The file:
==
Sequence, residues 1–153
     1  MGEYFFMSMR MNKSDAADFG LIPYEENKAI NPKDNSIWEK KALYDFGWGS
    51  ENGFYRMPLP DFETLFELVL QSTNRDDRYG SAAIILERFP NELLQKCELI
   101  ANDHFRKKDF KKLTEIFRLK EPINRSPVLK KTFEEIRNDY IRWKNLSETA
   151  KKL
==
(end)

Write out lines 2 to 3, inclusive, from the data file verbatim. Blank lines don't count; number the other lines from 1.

     1  MGEYFFMSMR MNKSDAADFG LIPYEENKAI NPKDNSIWEK KALYDFGWGS
    51  ENGFYRMPLP DFETLFELVL QSTNRDDRYG SAAIILERFP NELLQKCELI